The dreadful, ever-earnest Washington Post columnist Michael Gerson is the latest pundit to lament the death of the newspaper.
I’ve written in the past that I think newspapers do serve a useful purpose, and I do think we’ll genuinely be worse off when the last newspaperman takes his last ink-lunged breath of life.
But Gerson makes a number of the same mistakes these broadly written old media vs. new media missives always seem to make. Most notably, he lumps all new media into one category and all old media into another. There are great newspapers. And there are really awful newspapers. There are great web-only, hard news publications, and there are terrible, gossipy poorly-sourced ones. Some, like Huffington Post, manage to be both. There are blogs that do actual reporting and break stories (ahem), and blogs that reiterate talking points from the RNC and DNC.
But I can’t let this passage go without comment:
And the whole system is based on a kind of intellectual theft. Internet aggregators (who link to news they don’t produce) and bloggers would have little to collect or comment upon without the costly enterprise of newsgathering and investigative reporting. The old-media dinosaurs remain the basis for the entire media food chain. But newspapers are expected to provide their content free on the Internet. A recent poll found that 80 percent of Americans refuse to pay for Internet content. There is no economic model that will allow newspapers to keep producing content they don’t charge for, while Internet sites repackage and sell content they don’t pay to produce.
I dislike media bias as much as the next conservative. But I don’t believe that journalistic objectivity is a fraud. I was a journalist for a time, at a once-great, now-diminished newsmagazine. I’ve seen good men and women work according to a set of professional standards I respect — standards that serve the public. Professional journalism is not like the buggy-whip industry, outdated by economic progress, to be mourned but not missed. This profession has a social value that is currently not reflected in its market value.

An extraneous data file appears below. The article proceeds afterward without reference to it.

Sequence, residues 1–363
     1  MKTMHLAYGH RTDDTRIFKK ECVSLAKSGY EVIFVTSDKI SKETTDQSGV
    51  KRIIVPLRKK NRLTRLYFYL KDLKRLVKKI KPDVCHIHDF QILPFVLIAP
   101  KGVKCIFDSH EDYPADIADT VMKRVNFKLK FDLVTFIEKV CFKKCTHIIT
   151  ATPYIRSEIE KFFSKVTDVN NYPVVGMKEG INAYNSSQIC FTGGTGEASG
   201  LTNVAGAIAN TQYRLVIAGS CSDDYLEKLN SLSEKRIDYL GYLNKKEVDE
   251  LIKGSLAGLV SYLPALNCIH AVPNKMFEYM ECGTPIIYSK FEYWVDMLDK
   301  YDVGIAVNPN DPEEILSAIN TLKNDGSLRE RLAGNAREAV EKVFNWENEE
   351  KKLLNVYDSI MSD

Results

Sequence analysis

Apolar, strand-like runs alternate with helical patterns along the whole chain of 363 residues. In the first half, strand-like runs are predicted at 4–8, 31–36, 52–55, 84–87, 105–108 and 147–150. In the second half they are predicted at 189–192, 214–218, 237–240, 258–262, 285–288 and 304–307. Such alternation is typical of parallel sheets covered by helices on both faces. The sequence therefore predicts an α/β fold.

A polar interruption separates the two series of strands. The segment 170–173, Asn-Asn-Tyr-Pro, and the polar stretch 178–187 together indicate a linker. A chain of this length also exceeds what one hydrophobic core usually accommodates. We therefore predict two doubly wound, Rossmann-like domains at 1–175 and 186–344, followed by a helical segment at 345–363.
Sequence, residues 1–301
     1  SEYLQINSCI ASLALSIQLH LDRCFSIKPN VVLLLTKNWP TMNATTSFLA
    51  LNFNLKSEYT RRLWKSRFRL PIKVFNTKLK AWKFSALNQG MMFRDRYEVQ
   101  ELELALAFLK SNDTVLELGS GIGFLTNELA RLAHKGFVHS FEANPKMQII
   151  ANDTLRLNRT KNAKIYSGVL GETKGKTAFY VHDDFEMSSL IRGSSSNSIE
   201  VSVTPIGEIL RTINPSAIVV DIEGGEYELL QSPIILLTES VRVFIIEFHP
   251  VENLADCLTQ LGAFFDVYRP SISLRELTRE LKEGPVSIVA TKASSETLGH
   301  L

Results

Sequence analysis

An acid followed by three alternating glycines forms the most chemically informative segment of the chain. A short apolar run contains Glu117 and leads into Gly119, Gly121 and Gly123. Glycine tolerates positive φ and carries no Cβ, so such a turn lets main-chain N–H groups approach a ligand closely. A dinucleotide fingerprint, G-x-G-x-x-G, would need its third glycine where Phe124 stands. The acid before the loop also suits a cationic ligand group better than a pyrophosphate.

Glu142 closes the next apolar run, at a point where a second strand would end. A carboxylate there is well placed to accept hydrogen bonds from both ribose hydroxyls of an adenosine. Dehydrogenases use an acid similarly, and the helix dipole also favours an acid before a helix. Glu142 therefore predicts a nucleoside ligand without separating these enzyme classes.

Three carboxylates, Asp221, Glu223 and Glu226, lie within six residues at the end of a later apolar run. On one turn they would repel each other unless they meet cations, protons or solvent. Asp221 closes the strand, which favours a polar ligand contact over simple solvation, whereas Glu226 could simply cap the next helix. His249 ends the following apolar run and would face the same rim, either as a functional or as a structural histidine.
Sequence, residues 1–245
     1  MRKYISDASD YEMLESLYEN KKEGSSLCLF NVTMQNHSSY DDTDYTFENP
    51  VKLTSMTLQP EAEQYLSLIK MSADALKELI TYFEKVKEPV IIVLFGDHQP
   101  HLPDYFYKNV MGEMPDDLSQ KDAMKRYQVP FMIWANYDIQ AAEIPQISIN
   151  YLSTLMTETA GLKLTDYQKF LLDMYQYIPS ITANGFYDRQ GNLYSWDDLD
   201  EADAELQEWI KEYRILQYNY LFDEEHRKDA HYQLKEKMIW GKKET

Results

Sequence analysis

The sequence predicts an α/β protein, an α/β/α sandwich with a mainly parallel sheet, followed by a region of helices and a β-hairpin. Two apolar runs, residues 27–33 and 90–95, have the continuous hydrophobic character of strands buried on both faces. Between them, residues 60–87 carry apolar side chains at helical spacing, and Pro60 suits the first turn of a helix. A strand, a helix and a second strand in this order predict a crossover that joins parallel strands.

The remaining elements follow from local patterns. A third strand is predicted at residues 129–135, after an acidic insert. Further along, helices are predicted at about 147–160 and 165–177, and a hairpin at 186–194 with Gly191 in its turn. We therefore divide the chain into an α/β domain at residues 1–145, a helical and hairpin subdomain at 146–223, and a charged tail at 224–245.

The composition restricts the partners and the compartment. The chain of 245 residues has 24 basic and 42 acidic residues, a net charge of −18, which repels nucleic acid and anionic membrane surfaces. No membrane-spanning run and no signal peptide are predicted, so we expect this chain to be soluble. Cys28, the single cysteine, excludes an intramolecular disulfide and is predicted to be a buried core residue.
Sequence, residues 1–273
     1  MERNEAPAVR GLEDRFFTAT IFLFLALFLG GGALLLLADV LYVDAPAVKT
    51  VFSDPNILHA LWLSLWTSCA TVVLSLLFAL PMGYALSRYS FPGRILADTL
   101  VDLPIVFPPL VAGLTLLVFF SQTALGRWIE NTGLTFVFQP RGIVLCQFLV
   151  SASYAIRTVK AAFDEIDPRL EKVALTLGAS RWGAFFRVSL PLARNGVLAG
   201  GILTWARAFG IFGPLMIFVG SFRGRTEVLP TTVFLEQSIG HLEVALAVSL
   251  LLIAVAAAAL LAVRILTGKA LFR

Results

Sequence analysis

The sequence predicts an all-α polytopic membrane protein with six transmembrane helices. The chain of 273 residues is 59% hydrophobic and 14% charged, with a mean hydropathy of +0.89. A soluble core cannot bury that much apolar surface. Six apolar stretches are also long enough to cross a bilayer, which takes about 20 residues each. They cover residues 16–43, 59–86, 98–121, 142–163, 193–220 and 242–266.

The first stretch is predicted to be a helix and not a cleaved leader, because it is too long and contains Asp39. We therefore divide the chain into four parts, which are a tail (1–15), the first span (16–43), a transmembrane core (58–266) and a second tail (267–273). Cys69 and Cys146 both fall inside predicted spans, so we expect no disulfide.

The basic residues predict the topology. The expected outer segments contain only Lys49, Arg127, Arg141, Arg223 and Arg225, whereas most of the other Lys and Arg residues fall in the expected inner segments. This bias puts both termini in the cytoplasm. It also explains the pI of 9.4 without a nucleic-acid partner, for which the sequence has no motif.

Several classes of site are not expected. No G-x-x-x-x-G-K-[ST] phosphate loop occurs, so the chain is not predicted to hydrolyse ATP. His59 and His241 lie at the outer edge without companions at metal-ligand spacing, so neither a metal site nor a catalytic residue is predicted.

In 20 years, the Gannett-owned Jackson Clarion-Ledger never got around to investigating Steven Hayne, despite the fact that all the problems associated with him and Mississippi’s autopsy system are and have been fairly common knowledge around the state for decades. It wasn’t until the Innocence Project, spurred by my reporting, called for Hayne’s medical license that the paper had no choice but to begin to cover a huge story that had been going on right under its nose for two decades.
Take note, Gerson: That’s when the paper starting stealing my scoops. Me, a web-based reporter working on a relatively limited budget. Like this story (covered by the paper a week later). And this one (covered by the paper weeks later here). Oh, and that well-funded traditional media giant CNN did the same thing.
I believe I’ve told this story before, but the New York Times indirectly reported on the Cory Maye case a few years before I did. Longtime crime reporter Fox Butterfield was in Prentiss, Mississippi to write about how the drug trade was devastating the rural South. He referenced Maye’s case on the front page, but because he’d already committed to the conceptual outline of his story (drugs are bad, and the government isn’t doing enough to fight them), it didn’t occur him to wonder why a man with no criminal record and no significant amount of drugs in his home would intentionally kill a police officer. Butterfield admitted as much to me when I spoke to him over the phone. The same can be said of the initial coverage of Maye’s case by Mississippi media. No one dug a little. No one went beyond interviewing the police and Maye’s attorney. It took a libertarian policy analyst in Washington looking at the case from a different perspective–one much more skeptical of law enforcement–to see the story, here.
You don’t need a ton of money to do investigative journalism. Nor is journalism necessarily tainted when its done with an agenda. In fact, some of the best investigative reporting has historically and still comes from the likes of Mother Jones, Rolling Stone, and Harper’s. More recently, on the web at places like Talking Points Memo or the Center for Independent media sites. Tim Carney has done great work exposing corporate rent seeking and corruption in Washington over at the Examiner. These are all publications that most certainly have a perspective. Accuracy and fairness are what’s important. The idea that anyone can approach a beat or a story with a detached, sterile objectivity is a farce.
Newspapers are still important. But it’s ridiculous to suggest that only newspapers and their pretense of objectivity can do effective or important investigative journalism. Frankly, what investigative journalism needs is more people who haven’t spent 10 years in a newsroom getting too familiar with government sources, growing too wedded to the idea of pure objectivity, and too hamstrung by the way things have always been done.
Oh, and once the traditional media stops running stories broken by bloggers and web publications without giving them proper credit, we can entertain Gerson’s complaint that blogs are stealing content from newspapers and “repackaging” it for profit.